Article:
Campaign demands Cyntoia Brown’s freedom

The following article was written before Tennessee Governor Bill Haslam stepped down as Governor of Tennessee in January. On Monday, January 7, Haslam granted clemency to Cyntoia Brown, in a case that gained overwhelming support in the country, with a campaign demanding her freedom. Although she will not be released from prison until August of this year, it is nonetheless a great victory for Brown. This article explains the background of her case.

The Tennessee Supreme Court on December 6 ruled that Cyntoia Brown must serve a minimum of 51 years before even being considered for parole.

But in a case that has gained widespread national attention, a growing league of supporters refuses to accept this injustice and are committed to win her immediate freedom.

Cyntoia Brown has already served 14 years in a case that highlights the crisis of girls and women forced into sex trafficking and treated as criminals, instead of their reality as victims.

The harshness of Tennessee’s sentencing laws and the extremely narrow consideration by U.S. federal court in her appeal, mandates that an urgent popular struggle is the key to winning her freedom.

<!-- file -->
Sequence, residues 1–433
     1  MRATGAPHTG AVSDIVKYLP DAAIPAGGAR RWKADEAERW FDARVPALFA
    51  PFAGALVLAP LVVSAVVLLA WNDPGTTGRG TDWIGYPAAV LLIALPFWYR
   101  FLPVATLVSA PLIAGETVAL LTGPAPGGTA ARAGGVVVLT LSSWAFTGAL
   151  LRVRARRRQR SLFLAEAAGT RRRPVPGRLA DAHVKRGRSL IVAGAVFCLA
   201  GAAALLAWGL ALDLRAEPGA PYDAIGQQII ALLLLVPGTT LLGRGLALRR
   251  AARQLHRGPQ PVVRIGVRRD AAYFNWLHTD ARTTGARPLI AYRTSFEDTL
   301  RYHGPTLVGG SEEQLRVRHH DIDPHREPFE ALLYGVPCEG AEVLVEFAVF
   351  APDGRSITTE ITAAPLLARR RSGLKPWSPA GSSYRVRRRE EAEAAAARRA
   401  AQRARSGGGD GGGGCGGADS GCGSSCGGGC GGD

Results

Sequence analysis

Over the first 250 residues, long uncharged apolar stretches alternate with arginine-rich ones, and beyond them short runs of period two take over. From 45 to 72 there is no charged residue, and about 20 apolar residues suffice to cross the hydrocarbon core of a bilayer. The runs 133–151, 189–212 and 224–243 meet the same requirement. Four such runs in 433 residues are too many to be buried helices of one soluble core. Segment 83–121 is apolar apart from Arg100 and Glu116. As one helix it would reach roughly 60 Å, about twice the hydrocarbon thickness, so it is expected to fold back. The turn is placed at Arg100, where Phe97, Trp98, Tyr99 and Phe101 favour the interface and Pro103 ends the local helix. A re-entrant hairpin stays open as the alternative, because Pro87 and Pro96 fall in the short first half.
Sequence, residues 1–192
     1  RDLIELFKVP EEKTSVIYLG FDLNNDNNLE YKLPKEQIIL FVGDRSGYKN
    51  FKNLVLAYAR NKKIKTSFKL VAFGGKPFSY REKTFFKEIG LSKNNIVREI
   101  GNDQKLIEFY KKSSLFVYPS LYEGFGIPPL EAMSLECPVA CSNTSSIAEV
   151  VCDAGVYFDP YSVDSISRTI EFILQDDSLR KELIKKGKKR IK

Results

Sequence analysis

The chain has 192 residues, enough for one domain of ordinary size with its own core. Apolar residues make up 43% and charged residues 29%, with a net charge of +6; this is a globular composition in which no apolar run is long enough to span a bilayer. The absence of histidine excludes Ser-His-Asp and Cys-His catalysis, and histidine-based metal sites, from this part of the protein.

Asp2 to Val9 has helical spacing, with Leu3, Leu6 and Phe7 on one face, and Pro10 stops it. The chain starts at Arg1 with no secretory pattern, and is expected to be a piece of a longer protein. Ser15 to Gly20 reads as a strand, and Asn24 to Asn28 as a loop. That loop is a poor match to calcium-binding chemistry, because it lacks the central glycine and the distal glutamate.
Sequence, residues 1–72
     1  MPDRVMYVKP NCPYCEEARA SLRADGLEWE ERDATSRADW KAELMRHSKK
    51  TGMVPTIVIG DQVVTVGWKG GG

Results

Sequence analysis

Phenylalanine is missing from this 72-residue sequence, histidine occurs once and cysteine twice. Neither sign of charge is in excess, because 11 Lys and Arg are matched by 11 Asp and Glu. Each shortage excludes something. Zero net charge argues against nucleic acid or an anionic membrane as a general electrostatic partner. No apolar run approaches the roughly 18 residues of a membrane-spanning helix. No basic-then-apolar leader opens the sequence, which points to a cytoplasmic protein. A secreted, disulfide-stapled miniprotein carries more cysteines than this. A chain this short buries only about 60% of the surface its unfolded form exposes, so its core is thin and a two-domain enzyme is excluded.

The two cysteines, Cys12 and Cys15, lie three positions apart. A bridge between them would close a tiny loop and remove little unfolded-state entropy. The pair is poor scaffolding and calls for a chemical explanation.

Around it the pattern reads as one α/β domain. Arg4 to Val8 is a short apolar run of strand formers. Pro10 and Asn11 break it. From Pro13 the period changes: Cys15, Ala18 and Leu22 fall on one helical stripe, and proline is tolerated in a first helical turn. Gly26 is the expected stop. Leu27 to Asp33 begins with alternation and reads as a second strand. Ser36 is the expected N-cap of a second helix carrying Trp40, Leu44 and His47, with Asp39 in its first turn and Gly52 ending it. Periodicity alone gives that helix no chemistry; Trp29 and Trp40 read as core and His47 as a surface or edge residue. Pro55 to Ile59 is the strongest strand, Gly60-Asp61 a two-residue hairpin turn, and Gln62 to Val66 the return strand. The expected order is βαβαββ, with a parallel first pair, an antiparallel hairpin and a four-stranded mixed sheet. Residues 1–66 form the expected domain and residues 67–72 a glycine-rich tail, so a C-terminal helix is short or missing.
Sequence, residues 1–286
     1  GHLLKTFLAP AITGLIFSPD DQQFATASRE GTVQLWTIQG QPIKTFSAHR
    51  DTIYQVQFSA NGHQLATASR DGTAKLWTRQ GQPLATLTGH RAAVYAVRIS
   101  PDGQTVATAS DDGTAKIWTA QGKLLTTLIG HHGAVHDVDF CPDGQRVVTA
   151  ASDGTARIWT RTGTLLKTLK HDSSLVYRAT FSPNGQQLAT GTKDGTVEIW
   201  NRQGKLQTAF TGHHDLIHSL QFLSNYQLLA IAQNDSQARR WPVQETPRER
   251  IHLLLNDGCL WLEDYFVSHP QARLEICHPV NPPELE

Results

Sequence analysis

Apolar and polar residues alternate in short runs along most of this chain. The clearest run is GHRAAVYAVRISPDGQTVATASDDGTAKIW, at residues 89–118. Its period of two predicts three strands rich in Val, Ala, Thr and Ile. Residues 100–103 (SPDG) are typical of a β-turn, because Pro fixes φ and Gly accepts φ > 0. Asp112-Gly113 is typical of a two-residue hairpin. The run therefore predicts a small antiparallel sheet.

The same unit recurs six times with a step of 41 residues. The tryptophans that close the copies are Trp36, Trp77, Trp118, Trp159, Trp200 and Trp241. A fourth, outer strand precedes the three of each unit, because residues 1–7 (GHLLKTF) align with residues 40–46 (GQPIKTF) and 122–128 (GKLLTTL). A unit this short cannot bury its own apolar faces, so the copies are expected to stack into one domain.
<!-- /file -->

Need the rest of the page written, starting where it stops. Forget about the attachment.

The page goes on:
A child victim of sex trafficking

Brown was a teenager, only 16 years old in 2004 when she was forced by a pimp known as Kut Throat into sex trafficking. He ordered her out into the streets one day in August, and a 43-year-old man named Johnny Allen picked up Brown and drove her to his home. He showed her several guns in his house in behavior that she felt was menacing. As the evening progressed, Allen reached under his bed. Brown thought he was about to grab a gun and she shot him with a pistol she carried in her purse for safety.

Although Brown was a juvenile and a victim of sex trafficking and violence, prosecutors tried her as an adult. She had suffered a childhood filled with severe neglect and abuse.

At trial’s end she was convicted of first-degree murder, premeditated murder and aggravated robbery. Brown had taken money from Allen’s possession because of her fear that Kut Throat would harm her if she did not return with money.

She is now 30 and has been in prison almost half her life. Brown has overcome many obstacles in her life, and has impressed many, including her appeals attorney Charles W. Bone, who was moved to represent her after he saw a PBS documentary, “Me Facing Life: Cyntoia Brown’s Story,” in 2011. That film generated national awareness and support.

She has received her GED and associate’s degree and is now aiming for a master’s degree. She has mentored other young women in the prison. Even the former Tennessee assistant attorney general, Preston Shipp, who successfully argued against her appeal, is speaking out now on her behalf. Ironically, he changed his opinion of her when coincidentally she became one of his students in his prison classes.